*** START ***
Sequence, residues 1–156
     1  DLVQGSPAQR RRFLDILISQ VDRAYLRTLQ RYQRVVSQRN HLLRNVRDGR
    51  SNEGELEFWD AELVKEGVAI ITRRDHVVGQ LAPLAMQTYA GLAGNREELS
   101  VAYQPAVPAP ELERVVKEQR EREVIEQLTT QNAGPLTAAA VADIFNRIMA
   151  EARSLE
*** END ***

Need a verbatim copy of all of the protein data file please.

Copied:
Sequence, residues 1–156
     1  DLVQGSPAQR RRFLDILISQ VDRAYLRTLQ RYQRVVSQRN HLLRNVRDGR
    51  SNEGELEFWD AELVKEGVAI ITRRDHVVGQ LAPLAMQTYA GLAGNREELS
   101  VAYQPAVPAP ELERVVKEQR EREVIEQLTT QNAGPLTAAA VADIFNRIMA
   151  EARSLE